Nursing Home Selection Guide

How to find a nursing home that fits your needs and your pocketbook

How to Select a Nursing Home

Selecting a nursing home is an important, personal and often difficult decision. Sometimes the selection is the result of deliberate planning but often the decision happens during a crisis situation. A nursing home selection involves many people, including the resident, the resident’s family, and many health care professionals. This part of the guide is designed to assist potential residents and their families through the process of selecting a nursing home. It is addressed to the resident who is actively looking for a long-term nursing home placement. However, others who must place a family member in a nursing home can use this same process.


Step 1: Evaluate Your Needs

The medical needs of nursing home residents vary greatly between individuals. Likewise, the nursing care services available vary greatly between facilities. Although every nursing home provides certain basic health care services, some facilities serve special needs. One special need would be caring for someone with Alzheimer’s disease.

Some facilities have specialized equipment on site, such as dialysis machines. You should ask your physician to list any specific health services that you will need and make sure the nursing home can accommodate these needs.

Besides providing health care services, you should think of the nursing home as your home. This is important if you are planning to stay for a long period of time. Many factors need to be considered, such as location, proximity to family and friends, distance from busy streets, special amenities, room sizes, noise, odors, and compatibility with other residents.


Talking with others will give you information and support. You should discuss your needs with health care professionals. Get insight and advice from family, friends, and neighbors who have been through a similar situation. Government agencies are another good source of information (see the Important Telephone Numbers section).

Based on your discussions, you will find it useful to create two lists. On one, list the most important characteristics that you are looking for in a nursing home (i.e. location, special services, etc.). On the other, list the nursing homes that have these characteristics. These lists will help guide you through the process of selecting a nursing home.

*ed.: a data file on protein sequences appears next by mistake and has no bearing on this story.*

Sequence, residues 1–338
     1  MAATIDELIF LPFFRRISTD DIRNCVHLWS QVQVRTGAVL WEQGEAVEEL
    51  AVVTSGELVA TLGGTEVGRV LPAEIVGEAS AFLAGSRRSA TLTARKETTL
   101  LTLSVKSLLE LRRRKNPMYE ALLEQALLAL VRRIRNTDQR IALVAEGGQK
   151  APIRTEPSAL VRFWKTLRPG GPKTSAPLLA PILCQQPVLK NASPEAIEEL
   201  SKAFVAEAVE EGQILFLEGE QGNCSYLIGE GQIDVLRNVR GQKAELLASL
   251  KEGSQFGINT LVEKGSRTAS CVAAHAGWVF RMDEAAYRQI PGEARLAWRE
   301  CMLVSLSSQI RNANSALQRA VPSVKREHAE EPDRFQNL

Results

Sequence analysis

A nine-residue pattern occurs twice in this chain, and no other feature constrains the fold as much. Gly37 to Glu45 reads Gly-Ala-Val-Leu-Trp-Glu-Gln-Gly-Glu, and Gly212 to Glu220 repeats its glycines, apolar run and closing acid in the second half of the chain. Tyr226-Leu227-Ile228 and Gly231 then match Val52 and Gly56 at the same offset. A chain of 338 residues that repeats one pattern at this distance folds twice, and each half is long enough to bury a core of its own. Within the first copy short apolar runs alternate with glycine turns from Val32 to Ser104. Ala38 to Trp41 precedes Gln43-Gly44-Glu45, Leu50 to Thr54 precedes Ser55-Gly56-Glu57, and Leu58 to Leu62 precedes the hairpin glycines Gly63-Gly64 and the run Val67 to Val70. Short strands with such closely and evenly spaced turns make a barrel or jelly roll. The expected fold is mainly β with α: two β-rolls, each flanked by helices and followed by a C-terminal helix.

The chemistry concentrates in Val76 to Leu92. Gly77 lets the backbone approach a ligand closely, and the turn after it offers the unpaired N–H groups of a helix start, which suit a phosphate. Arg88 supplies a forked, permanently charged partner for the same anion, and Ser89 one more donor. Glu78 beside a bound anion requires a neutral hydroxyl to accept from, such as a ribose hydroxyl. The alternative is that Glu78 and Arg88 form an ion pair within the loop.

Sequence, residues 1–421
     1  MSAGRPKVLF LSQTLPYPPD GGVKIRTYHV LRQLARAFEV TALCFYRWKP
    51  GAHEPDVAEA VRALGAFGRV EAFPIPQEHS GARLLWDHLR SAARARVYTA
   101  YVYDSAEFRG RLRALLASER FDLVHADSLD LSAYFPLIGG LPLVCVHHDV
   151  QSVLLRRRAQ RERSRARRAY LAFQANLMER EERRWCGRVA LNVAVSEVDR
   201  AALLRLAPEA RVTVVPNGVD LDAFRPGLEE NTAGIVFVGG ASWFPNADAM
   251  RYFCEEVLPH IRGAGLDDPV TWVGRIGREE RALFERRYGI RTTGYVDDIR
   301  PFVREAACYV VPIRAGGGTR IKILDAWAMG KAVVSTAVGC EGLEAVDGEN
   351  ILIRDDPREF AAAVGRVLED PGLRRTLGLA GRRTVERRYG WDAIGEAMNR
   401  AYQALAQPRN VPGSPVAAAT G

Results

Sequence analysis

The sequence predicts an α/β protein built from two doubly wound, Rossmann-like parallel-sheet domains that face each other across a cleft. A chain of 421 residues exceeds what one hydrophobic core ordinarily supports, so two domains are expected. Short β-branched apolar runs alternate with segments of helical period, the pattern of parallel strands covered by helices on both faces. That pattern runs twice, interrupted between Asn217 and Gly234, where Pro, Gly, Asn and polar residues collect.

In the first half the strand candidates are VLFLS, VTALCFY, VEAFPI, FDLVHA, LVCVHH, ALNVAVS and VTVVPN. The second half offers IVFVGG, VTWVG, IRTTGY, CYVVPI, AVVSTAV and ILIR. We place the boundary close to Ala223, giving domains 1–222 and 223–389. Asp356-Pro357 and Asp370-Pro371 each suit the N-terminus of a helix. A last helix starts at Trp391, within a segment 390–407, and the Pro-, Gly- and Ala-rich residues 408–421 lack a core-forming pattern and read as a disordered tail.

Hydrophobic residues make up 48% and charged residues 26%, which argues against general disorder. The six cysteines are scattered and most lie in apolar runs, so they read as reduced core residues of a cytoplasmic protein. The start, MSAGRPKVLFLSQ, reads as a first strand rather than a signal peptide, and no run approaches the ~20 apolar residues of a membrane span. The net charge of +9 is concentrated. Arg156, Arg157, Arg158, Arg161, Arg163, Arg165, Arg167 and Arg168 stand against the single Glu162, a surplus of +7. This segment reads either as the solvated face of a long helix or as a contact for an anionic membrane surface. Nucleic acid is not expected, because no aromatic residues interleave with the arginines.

Step 2: Use the Tables Available at


This website will help you to gather contact and location information for the nursing homes in your area. 


Make a list of the possibilities


If you have too many facilities on your list to visit each one, you could trim your list down by calling the nursing homes. Call each facility on your list during standard business hours, when you will be more likely to speak with someone who can answer your questions. Ask for the administrator, admissions coordinator, or social service director. Discuss your nursing home needs, including payment sources. Find out if there are beds available or if there is a waiting list. Pay close attention to details during the telephone call. Is the staff responsive to your call? Are they friendly? Does this sound like a place where you would like to live? Note whether you wish to consider the facility further.

By making these telephone calls, you can save time and effort in your search for the best nursing home for you.

After your telephone calls, you should have a list of specific nursing homes to visit. From your list of specific important characteristics, you should have a list of specific things to ask about or look for during your visits.


Step 3: Visit the Nursing Homes

There is no substitute for a visit. Even if your telephone inquiries have left you with only one nursing home, you should go for a visit. If possible, make two visits – one announced and the other unannounced. During both visits, observe the residents, the nursing home personnel, and the general condition of the facility.